The company charged with running UK rail networks dumped £38bn of debt onto the government’s balance sheet last year. This year it’s taking steps to recoup some of that cash from its substantial property portfolio. In total, Network Rail controls around £1bn worth of commercial property assets, including 7,000 properties and around 5,500 arches, which are currently let to a diverse range of SMEs from garages to retailers and nightclubs. In total the portfolio brought in £266m in rent last year, accounting for 10.6% of total revenue.
Nonetheless, The Financial Times reports, Network Rail has commissioned investment bank Rothschild to assess whether the assets should be sold or redeveloped, with potentially serious implications for existing tenants.
The review is part of a new modernization programme being implemented by newly appointed executive chairman Sir Peter Hendy, previously of Transport for London (TfL).
Given TfL’s decision to switch from selling off land to developing property to raise more funds for the regional transport agency, there is a chance that Sir Hendy will look at similar opportunities for Network Rail's assets. A direction favoured by some commentators.
Alexander Jan of engineering group Arup, for example, told the FT that “There’s been potential to use railway land more productively for years and selling it off isn’t necessarily the best option.” In particular, Mr. Jan argues, local authorities should be given the opportunity to develop Network Rail land to boost local tax revenue.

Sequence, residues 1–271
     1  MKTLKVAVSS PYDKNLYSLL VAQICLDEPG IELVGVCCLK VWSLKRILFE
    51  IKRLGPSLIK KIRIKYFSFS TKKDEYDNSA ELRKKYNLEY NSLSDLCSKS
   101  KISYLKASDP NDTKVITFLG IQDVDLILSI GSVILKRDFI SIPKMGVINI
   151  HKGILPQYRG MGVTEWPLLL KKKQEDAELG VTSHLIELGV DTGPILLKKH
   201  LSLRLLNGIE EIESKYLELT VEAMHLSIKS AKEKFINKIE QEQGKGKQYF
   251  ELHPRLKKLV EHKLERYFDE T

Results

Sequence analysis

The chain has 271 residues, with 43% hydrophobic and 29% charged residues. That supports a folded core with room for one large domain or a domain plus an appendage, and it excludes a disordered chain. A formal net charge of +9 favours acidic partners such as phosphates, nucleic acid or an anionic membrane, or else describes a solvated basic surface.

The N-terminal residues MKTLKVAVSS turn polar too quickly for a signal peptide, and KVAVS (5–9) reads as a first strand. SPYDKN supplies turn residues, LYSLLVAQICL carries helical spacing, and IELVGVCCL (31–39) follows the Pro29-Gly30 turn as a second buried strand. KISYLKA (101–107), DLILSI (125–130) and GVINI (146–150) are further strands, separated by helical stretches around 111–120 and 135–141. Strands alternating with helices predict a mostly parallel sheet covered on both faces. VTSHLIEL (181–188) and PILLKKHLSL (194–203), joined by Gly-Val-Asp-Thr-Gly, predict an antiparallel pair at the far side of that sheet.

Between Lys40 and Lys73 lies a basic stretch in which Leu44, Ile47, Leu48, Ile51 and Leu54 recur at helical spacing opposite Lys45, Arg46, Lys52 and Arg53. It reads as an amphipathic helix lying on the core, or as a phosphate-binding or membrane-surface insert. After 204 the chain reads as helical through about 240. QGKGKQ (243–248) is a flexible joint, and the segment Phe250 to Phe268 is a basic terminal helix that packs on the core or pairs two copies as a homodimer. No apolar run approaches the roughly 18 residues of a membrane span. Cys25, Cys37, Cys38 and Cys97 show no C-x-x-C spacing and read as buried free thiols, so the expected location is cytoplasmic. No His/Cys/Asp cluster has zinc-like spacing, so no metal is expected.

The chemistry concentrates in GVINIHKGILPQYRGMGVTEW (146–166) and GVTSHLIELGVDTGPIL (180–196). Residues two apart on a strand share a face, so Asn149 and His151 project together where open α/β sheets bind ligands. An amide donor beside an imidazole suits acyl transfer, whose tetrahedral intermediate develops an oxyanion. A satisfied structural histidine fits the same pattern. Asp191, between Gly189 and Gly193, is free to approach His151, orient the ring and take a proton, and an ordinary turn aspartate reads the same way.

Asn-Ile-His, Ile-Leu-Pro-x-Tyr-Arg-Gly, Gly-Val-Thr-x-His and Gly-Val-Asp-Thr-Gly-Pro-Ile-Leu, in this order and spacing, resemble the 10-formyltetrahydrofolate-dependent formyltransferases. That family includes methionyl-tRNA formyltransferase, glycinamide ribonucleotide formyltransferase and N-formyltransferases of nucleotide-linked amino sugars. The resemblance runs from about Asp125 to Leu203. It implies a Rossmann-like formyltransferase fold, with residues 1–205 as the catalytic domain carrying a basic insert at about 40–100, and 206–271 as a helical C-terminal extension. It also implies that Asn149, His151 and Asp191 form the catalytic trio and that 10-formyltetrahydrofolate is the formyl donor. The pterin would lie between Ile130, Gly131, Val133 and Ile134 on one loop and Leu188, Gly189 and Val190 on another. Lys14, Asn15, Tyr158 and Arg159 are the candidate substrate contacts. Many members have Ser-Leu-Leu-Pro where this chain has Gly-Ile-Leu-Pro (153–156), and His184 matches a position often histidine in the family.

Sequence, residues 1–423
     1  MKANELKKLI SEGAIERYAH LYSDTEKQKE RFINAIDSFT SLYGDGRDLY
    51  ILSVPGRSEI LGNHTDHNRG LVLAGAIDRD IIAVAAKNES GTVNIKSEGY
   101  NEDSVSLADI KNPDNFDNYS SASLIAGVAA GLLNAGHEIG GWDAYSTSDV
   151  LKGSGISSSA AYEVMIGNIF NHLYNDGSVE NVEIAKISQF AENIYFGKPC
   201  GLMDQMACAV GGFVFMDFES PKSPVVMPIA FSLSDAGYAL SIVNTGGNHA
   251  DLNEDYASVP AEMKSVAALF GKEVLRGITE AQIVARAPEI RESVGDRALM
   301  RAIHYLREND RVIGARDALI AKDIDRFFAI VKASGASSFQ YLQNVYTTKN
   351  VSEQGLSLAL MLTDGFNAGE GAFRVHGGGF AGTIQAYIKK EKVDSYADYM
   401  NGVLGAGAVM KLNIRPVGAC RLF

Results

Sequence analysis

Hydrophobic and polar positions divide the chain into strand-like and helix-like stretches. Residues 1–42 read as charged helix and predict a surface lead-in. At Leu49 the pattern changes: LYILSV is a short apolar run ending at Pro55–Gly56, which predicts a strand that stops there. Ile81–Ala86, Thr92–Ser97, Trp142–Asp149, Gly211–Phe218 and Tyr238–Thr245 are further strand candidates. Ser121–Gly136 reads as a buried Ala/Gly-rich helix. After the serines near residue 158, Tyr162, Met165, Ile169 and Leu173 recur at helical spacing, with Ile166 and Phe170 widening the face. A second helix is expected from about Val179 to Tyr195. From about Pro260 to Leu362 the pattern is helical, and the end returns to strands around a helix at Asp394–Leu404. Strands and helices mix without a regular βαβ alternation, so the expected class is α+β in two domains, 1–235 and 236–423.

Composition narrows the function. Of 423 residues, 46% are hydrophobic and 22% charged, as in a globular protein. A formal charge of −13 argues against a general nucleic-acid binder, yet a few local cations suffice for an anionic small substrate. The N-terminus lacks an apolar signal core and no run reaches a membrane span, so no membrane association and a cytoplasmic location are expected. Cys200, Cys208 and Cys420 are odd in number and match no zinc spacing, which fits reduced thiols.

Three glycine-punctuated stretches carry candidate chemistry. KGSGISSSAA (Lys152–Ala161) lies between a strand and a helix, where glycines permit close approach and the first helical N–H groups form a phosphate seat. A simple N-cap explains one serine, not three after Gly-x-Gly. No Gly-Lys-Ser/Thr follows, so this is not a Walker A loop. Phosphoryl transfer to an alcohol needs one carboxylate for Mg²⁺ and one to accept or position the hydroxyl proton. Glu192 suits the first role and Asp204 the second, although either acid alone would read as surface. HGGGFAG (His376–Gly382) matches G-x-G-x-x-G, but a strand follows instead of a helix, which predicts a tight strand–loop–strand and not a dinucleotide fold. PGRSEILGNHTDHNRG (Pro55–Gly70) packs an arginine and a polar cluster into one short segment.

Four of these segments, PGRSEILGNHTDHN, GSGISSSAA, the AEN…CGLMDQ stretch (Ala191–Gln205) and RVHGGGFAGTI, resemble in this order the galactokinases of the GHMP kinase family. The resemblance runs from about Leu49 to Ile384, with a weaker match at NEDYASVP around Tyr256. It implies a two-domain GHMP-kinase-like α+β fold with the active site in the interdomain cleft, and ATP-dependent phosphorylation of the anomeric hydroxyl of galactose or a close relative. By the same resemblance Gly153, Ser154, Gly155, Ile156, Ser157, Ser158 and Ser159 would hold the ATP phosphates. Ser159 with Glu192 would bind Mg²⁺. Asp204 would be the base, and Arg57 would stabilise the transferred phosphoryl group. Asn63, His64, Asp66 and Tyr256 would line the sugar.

However, Network Rail is hampered by the immediate need for liquidity. The rail operator has already had to halt improvement works after transport secretary Patrick McLoughlin said rising costs and missed deadlines had made the planned works ‘untenable’. And that was before its recent £2m fine for delays and cancellations
Commenting on the appointment of Rothschild, Network Rail said:
“Every penny of the profit we make from our commercial property is reinvested in the railway... Specialist property advisers are being sought to help us make even more use of these assets.”
That will do little to calm small businesses occupying National Rail property. Meanwhile commercial property investors may need to keep their eyes open for opportunities as plans progress.
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